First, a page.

Abiding by the (Okun) Law

July 26th, 2011 at 11:33 am

Back when I was in the White House we got hit with some pretty bad Okun residuals.

Which is to say this: There’s an age old relationship between GDP growth and unemployment that says when GDP grows 1% above its trend, the unemployment rate will fall by half-a-percentage point.

But as you can see, if you plot this relationship in a scatter graph, the 2009 observation is way off the line in a most unfavorable way—we got a much higher increase in unemployment than the rule of thumb would predict.

That’s not so unusual—clearly the sharp demand contraction was historically unique, and you expect to get an outlier at such times.

We never got a bounce back the other way, and where we are now is that yucky clump in the lower right.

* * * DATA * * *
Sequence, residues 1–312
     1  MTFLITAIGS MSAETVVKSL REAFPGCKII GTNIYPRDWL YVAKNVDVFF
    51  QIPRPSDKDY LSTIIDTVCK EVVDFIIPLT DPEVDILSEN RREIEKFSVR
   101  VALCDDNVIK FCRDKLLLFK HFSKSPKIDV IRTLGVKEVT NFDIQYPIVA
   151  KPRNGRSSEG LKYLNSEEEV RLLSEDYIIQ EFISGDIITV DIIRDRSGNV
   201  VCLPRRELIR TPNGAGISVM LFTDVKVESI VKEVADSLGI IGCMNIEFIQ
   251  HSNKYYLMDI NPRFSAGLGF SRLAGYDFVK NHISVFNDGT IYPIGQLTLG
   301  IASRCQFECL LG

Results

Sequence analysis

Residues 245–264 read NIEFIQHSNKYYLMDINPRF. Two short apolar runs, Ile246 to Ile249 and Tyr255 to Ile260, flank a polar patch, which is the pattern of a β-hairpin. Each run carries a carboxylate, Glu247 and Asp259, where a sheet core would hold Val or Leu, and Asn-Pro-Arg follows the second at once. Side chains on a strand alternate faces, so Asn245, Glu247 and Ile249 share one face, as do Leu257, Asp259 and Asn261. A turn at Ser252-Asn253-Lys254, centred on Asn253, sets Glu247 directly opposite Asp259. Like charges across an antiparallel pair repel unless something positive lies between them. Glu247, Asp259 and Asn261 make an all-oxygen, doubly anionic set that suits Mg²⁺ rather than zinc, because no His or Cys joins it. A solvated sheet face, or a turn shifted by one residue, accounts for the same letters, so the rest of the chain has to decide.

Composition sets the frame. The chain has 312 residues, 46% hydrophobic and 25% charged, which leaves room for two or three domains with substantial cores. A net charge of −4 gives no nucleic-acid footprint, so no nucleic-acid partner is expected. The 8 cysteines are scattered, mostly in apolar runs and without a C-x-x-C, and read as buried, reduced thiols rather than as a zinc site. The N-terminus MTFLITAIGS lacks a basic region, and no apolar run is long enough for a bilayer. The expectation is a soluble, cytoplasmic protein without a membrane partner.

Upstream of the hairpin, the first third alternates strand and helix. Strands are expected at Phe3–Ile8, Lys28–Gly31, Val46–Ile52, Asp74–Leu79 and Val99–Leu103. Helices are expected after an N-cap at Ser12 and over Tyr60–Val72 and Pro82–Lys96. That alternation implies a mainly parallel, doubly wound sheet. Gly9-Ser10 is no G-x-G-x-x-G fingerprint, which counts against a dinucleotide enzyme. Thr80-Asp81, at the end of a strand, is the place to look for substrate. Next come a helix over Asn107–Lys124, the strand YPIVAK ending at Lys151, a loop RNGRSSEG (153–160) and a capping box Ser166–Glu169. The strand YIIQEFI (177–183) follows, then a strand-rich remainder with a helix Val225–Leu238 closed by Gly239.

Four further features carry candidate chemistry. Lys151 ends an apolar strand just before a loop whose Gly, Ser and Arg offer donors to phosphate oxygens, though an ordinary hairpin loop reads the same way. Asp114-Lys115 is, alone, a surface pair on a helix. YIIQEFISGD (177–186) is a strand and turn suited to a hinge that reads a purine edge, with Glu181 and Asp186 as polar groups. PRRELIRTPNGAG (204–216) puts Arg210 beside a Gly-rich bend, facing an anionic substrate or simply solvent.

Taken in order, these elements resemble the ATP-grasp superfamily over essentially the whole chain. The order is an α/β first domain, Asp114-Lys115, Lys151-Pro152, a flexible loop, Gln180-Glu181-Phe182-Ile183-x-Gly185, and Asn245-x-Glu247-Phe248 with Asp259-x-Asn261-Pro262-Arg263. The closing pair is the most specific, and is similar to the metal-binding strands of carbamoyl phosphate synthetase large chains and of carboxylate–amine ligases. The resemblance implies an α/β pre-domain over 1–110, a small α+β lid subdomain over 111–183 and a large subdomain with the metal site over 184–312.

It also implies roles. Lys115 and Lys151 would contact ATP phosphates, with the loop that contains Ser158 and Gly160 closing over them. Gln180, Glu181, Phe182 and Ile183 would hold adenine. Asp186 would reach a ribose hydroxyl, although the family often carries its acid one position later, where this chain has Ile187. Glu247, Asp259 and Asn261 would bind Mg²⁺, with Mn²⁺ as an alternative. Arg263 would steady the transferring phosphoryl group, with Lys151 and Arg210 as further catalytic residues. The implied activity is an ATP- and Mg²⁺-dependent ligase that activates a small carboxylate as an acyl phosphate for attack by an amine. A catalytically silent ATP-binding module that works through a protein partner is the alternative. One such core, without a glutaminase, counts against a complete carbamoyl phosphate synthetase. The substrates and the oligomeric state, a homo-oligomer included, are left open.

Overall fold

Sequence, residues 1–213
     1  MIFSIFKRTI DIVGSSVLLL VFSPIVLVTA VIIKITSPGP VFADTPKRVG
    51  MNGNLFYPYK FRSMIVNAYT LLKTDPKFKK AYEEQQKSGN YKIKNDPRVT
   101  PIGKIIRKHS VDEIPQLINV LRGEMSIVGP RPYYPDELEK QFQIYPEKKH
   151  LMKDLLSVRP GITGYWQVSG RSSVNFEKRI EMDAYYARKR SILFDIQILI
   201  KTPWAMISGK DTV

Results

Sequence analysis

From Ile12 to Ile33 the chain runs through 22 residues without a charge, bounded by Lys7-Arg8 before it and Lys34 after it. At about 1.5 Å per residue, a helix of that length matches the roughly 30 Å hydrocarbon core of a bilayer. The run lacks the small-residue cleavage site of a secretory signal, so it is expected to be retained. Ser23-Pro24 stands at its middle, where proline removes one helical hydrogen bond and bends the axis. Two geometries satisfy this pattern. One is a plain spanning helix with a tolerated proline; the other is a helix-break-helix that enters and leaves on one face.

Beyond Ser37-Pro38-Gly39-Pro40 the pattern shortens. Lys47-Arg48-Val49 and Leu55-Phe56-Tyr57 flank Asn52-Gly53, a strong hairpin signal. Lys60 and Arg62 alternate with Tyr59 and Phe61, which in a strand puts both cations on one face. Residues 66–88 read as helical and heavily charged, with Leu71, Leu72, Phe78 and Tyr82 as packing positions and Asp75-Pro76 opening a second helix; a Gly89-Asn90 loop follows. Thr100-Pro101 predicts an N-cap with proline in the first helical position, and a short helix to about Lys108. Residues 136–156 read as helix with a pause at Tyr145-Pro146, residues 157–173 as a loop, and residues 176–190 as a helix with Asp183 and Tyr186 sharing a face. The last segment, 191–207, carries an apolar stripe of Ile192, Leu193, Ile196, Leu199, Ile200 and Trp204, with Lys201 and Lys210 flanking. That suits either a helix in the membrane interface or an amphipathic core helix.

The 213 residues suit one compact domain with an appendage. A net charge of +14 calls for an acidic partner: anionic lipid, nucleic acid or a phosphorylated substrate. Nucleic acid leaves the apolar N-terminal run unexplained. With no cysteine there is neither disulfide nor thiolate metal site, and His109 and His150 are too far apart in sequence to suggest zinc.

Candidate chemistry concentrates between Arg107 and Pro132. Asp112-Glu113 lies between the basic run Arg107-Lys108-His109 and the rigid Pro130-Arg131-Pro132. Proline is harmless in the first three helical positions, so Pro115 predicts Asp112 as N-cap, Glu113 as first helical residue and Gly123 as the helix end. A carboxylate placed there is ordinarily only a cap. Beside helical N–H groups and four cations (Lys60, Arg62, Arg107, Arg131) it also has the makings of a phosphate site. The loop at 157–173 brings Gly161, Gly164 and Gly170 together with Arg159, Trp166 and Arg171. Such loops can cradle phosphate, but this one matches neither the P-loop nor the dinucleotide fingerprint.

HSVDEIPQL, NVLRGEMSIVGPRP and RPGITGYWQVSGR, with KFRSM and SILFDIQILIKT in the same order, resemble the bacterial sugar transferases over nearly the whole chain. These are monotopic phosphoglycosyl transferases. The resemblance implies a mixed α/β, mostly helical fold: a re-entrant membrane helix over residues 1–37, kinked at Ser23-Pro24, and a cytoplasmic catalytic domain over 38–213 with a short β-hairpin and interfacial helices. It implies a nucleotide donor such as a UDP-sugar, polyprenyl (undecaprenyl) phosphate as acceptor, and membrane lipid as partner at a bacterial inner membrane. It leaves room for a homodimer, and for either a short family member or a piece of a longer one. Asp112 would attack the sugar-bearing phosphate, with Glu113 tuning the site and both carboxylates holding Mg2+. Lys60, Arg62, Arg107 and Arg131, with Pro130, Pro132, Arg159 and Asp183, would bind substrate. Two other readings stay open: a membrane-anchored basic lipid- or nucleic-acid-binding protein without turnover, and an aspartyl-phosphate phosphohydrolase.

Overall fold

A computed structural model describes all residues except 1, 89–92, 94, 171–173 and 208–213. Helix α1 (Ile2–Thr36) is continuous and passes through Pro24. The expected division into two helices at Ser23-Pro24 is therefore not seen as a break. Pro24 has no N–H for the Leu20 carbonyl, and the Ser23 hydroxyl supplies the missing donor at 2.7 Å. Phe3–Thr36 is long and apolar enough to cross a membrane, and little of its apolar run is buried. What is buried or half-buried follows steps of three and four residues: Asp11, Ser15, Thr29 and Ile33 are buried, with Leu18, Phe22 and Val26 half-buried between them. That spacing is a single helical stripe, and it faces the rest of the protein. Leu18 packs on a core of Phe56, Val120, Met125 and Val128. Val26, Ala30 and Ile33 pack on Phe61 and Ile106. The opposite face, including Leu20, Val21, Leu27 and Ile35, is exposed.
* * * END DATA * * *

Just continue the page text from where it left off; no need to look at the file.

It’s a picture of an economy stuck in neutral, where GDP is bumping along at trend or a little worse, so, by “Okun’s law” the unemployment rate stays stuck where it is.

Basically, the law was violated in the “wrong” direction back in ’09.  Now we’re law abiding once again, and we’re stuck at 9%.

Graphic: Hannah Shaw, Inc.

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4 comments in reply to "Abiding by the (Okun) Law"

  1. marc sobel says:

    Could you please explain your 09 comment. What caused it?

    • Tom says:

      Only a guess, but I suspect the 09 outlier is because the unemployment rise lagged the GDP drop by a quarter, so when you measure Q4 to Q4 the gdp drop hits more Q4, unemployment more Q1 09. If you measured Q2-Q2 or Q3-Q3 you might not notice so much.

  2. Jan Martin says:

    Jared, you need to tell whoever made the graph to put signs on the bottom axis values. You can’t tell which side is the growing economy and which is the shrinking.

  3. Michael says:

    Financial recessions are different.